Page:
Case 2 – When you have everything

This girl I met, she has rich parents. She doesn’t have a job right now and is pretty free. Free to do what she wants and whatever she wants. But she’s unhappy. She’s unmotivated. I mean, shopping and traveling would eventually get bored. which is probably why most famous/successful people turn to drugs – it’s a whole new world.

Looking at Maslow’s hierarchy, all the areas in her life is “good” (good enough), but she doesn’t know what to do with her life.

If she finds her life purpose, she would be so much better off.

That’s why all these famous people say, once you find your life’s purposes, you will be so much happier.

Case 3 – when I found my purpose

Fast forward to where I am now, I’m pretty happy on the happiness scale. Why is that?

It’s the moment I found my “purpose.”

Everything just became so much clearer. I knew what I wanted.

This is why I, a nobody, a kid with a big vision but a kid with no dollars to his name, is happier than people making $100K+/year.

Here’s what I happened when I gave a “peep talk” about “purpose”.

Quick FACTS about Happiness

Some facts about happiness I stole from my friend from satisfiedman.com

  • People overestimate the impact of money on their happiness by quite a lot. It does have some influence, but not nearly as much as we might think, so focusing less on attaining wealth will likely make you happier (Aknin, Norton, & Dunn, 2009).
  • Spending money on experiences provides a bigger boost to happiness than spending money on material possessions (Howell & Hill, 2009).
  • Gratitude is a big contributor to happiness in life, suggesting that the more we cultivate gratitude, the happier we will be (Seligman, Steen, Park, & Peterson, 2005).
  • Oxytocin may provoke greater trust, empathy, and morality in humans, meaning that giving hugs or other shows of physical affection may give you a big boost to your overall well-being (and the well-being of others; Barraza & Zak, 2009).
  • Those who intentionally cultivate a positive mood to match the outward emotion they need to display (i.e., in emotional labor) benefit by more genuinely experiencing the positive mood. In other words, “putting on a happy face” won’t necessary make you feel happier, but putting in a little bit of effort likely will (Scott & Barnes, 2011).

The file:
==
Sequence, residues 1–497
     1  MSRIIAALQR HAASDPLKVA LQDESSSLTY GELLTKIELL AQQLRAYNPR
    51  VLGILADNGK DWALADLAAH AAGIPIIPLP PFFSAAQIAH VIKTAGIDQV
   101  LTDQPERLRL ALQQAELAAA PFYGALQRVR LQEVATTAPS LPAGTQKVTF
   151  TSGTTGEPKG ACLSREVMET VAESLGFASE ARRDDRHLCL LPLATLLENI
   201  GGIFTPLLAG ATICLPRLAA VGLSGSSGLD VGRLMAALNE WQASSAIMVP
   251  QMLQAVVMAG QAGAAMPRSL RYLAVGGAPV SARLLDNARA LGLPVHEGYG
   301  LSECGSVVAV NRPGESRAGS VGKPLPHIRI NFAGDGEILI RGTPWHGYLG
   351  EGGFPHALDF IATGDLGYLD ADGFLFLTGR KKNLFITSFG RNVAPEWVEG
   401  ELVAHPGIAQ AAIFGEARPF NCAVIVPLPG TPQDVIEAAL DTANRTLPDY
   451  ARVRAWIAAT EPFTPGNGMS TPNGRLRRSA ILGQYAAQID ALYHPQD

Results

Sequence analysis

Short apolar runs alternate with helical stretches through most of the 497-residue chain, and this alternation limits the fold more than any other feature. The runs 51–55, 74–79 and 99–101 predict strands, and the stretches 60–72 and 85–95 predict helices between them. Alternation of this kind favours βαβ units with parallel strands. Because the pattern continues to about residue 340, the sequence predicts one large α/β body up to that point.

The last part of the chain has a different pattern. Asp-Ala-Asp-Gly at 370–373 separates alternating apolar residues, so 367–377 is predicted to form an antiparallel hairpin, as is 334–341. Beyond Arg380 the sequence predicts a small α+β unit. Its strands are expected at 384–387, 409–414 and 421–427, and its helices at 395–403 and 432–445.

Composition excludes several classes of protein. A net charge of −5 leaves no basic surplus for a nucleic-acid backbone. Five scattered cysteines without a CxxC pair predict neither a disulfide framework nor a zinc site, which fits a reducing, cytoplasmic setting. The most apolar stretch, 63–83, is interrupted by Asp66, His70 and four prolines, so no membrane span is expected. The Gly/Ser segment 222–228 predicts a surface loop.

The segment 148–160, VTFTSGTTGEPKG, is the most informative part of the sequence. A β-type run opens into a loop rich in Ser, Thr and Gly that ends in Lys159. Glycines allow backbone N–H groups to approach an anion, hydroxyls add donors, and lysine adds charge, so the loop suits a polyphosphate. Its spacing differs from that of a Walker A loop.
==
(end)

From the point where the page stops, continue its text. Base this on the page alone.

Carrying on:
• Happiness is contagious; those with happy friends and significant others are more likely to be happy in the future (Fowler & Christakis, 2008).
  • People who perform acts of kindness towards others not only get a boost in well-being, they are also more accepted by their peers (Layous, Nelson, Oberle, Schonert-Reichl, & Lyubomirsky, 2012).
  • Volunteering time to a cause you believe in improves your well-being and life satisfaction and may even reduce symptoms of depression (Jenkinson et al., 2013).
  • Spending money on other people results in greater happiness for the giver (Dunn, Aknin, & Norton, 2008).

Final Thoughts

Look, happiness is a big topic. You cannot fit it all on one blog post – you need a freaking website for this topic, but this is just 2 keys to happiness from my experience.

Long-term happiness and finding your purpose.

There’s some practical stuff you can employ to reach a higher state of happiness – more specifically: A Lifestyle Design.

This includes things like:

  • Leveraging your currency in another country to 5x its value.
  • Complete freedom to live anywhere and work whenever you like
  • Employ 80/20 and eliminate

But… I think I’ll save that for another blog post

1 thought on “Happiness: My Take on It”

  1. Facts! I think being a minimalist/nomad is a great way to find happiness and explore more cultures. Good read too, glad to see you posting blogs again Anthony! Keep em up, excited to see what you to share from your experiences in South East Asia. ???